A few more book recommendations...

I have the recent luck to find three books which are very, very, good.  Two of the books were very easy to actually find and the third is one I have been looking for for some time.  

 -An Inner Silence- The Portraits Of Henri Cartier-Bresson

Henri Cartier-Bresson
-Masters of Photography-

Master's Guide to Wedding Photography
Marcus Bell


Well, today is the day!  Aubrey's baptism day is here and we are very, very excited.  I thought I might share once again the images I will never forget, as they left indelible impressions on my heart.  She is growing so quickly and becoming a young lady right before our eyes.

Posted by Picasa

What a beautiful day!  We had the express pleasure of sharing a day with our neices.  With the Florida Winter weather being so beautiful we decided to take a hike on the new Polk County nature preserve trail, the Circle B Bar Ranch.  We spent about three hours hiking the natural areas through marshes, along the shore of Lake Hancock, and through the scrub land.  Hundreds of birds, several alligators (it is Florida after all), and some sweet kids.  For the camera gear I brought the venerable Olympus E3, my Sigma 30 mm 1.4 (my favorite f-stop), and carried it with my Black Rapid R-Strap.  Here are a couple of quick shots of the kids:

Thats all for now...

Another very informative film


I found this on You-Tube as well.  Although fairly brief, I find it to be very informative with regard to photographic history.  Another interesting film from the BBC, I wish the US networks had the same interest in these art documentaies.  Very well done, take a quick look and see what you think. There are 6 parts posted to You Tube.  Here is the link to part 1- http://www.youtube.com/watch?v=Ut00KGEwYL0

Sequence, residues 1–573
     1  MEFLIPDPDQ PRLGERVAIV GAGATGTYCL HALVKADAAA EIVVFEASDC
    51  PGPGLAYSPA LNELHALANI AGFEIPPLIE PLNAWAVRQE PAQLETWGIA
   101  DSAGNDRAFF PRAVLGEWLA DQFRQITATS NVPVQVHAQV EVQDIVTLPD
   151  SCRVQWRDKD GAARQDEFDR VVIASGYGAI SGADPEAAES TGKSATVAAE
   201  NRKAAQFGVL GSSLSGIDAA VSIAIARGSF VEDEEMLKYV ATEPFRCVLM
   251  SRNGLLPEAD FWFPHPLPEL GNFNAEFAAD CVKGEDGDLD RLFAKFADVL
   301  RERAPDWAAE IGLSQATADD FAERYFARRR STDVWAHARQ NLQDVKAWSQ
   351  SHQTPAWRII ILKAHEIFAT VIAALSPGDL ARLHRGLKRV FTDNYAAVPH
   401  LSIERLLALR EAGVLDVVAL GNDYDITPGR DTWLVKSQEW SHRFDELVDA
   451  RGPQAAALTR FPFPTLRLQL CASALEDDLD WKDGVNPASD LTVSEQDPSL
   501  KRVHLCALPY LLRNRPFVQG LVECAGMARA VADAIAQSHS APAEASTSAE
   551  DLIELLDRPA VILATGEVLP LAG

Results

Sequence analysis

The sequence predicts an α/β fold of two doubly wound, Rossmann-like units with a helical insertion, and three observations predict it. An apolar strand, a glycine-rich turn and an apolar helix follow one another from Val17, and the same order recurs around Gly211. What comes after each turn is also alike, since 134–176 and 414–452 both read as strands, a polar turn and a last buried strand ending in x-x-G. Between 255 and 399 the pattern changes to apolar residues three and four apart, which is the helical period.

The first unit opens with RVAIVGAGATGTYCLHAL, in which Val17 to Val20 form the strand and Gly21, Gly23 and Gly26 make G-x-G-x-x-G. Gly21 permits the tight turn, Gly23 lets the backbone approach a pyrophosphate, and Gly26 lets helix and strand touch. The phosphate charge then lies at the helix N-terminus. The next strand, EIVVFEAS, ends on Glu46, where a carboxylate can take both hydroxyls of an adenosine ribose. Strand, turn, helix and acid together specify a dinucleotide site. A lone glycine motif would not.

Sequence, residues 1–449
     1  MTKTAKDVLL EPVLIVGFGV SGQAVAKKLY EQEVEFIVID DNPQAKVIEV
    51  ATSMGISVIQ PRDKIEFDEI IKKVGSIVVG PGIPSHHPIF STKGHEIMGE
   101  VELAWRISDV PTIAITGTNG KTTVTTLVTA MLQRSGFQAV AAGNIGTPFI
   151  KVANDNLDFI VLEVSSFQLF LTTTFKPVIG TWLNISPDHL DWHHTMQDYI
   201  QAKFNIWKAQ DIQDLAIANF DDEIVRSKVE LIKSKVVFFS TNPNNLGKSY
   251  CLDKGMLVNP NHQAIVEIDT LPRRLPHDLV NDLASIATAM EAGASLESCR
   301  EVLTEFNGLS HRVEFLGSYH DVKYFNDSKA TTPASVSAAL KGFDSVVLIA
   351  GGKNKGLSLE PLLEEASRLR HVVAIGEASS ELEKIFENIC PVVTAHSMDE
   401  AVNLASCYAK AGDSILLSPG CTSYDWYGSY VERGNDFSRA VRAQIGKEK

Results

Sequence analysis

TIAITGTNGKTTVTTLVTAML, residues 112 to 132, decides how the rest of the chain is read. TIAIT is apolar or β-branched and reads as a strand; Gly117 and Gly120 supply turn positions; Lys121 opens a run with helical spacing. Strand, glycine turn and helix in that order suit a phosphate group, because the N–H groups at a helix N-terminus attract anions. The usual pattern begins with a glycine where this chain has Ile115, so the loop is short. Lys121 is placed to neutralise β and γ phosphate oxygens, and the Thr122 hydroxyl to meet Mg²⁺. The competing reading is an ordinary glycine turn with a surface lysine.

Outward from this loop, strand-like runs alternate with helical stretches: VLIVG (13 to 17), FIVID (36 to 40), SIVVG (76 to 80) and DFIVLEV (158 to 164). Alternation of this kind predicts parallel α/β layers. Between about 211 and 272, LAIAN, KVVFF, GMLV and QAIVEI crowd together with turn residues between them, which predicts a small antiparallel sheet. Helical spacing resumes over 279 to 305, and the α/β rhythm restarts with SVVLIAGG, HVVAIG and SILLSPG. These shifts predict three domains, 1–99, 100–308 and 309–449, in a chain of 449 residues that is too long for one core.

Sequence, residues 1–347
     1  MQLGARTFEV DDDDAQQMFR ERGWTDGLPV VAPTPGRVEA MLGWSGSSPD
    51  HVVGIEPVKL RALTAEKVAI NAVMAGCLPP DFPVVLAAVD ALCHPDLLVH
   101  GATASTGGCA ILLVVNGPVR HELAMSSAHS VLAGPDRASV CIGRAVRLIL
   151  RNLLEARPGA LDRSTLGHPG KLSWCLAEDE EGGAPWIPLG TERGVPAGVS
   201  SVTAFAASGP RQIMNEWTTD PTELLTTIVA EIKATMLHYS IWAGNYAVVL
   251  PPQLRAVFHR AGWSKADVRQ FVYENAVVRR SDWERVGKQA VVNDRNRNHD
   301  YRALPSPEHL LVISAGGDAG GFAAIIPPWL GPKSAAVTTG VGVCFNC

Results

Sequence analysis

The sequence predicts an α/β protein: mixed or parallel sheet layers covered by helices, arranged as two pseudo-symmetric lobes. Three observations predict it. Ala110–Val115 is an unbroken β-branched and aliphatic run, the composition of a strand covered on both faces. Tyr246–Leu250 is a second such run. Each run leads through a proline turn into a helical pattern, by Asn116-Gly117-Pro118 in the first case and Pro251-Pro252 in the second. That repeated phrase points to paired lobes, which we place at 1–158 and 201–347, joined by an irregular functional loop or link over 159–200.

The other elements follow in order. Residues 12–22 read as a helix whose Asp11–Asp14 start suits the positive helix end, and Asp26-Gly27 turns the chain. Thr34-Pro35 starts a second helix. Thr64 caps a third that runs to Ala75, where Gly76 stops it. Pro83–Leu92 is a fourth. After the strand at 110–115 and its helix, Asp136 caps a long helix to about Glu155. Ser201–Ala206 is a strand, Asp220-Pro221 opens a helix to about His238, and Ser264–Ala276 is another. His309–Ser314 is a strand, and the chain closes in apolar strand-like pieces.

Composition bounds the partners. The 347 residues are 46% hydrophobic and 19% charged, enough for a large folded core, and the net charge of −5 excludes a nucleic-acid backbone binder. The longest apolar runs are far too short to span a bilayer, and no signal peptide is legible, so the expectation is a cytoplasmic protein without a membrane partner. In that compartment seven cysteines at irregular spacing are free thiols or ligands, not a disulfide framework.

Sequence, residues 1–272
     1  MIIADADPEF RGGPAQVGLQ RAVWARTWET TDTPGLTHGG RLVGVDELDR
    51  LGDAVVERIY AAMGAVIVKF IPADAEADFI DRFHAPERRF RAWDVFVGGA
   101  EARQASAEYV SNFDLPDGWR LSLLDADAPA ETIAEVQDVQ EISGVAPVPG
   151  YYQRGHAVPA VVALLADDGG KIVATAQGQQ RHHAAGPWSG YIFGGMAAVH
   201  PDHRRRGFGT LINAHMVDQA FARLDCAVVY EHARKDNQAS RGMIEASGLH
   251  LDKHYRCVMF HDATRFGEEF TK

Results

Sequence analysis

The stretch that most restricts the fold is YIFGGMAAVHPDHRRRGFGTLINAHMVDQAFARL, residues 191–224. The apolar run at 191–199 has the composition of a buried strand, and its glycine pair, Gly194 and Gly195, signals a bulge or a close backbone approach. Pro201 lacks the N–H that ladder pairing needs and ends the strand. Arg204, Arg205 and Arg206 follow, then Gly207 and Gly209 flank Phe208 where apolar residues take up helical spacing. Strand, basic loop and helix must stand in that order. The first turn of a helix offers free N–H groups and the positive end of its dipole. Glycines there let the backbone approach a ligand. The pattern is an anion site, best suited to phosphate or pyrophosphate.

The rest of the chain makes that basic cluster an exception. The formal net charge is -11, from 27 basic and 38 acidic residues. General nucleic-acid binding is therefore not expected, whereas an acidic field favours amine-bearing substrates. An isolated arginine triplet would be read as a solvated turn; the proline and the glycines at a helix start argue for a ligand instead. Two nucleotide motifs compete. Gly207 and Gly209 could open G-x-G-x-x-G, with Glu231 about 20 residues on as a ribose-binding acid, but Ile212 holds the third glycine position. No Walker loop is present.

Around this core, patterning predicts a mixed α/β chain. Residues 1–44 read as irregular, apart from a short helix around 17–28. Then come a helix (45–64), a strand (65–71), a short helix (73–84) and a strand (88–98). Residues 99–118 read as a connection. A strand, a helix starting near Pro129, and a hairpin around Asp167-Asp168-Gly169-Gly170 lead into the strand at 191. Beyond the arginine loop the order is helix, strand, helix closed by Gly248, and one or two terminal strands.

An excellent book for photographers....


You know, the Internet certainly does make things easier in many ways.  One of those happens to be the availability of information for both entertainment and education.  It is so simple to acquire information on ANY subject that we sometimes forget one of the prominent traditional methods through which we once gained knowledge, books. 

When browsing through our local Books A Million (a nice locale to burn some time) I once in a while come across a book which begs to be brought home.  One of my recent acquisitions is Joe McNally's "The Moment It Clicks".  I won't go into Joe's story or a review of the book, as I am not a great reviewer, and I typically find reviews to contain more information which does not affect my decision than does. 

That said, this book is amazing.  Joe practices the art of flash photography and has it down to a science.  I have always been fond of the term "available light", most define it as nothing but natural.  However, Joe considers "any" light (flash or otherwise) as available.  If you are truly interested in developing your lighting techniques get this book and read the WHOLE thing cover to cover.

A film I believe tells it all...

"The Impassioned Eye".  A bio-documentary of Henri Cartier-Bresson, arguably one of the best -if not the greatest- photographers of all time. 

In these days of uber-cameras - digital and technological marvels that can take pictures in virtually every situation put in front of them, here was Cartier-Bresson showing a body of work taken over many decades, shot with a small Leica camera and predominantly a single 50mm lens, which wasn't particularly fast in terms of aperture. It was quite a sobering thought. No autofocus, no evaluative metering, no picture modes, no image stabilization. Things that we take for granted these days. He utiilised the simplest and most efficient way of taking pictures. Just a man, his simple camera, and his eye. Compose, focus, press the shutter.

His thoughts on the images were humbling. He saw them as 'memories' from an earlier time, in much the same way as we look at our holiday snaps. Watching him look back at his pictures, you could sense the emotion he was feeling at the time. He handles the paper pictures like a pile of proof prints, and talks quite openly about the stories behind them, often with a tear in his eye. Nothing pretentious, and totally devoid of ego.

If you can get to see the documentary, then don't miss it. It is one of those masterpieces of film making, that will inspire you to take better pictures.

Here is a link to a Blogger who has the film in segments, it is very much worth the time to see.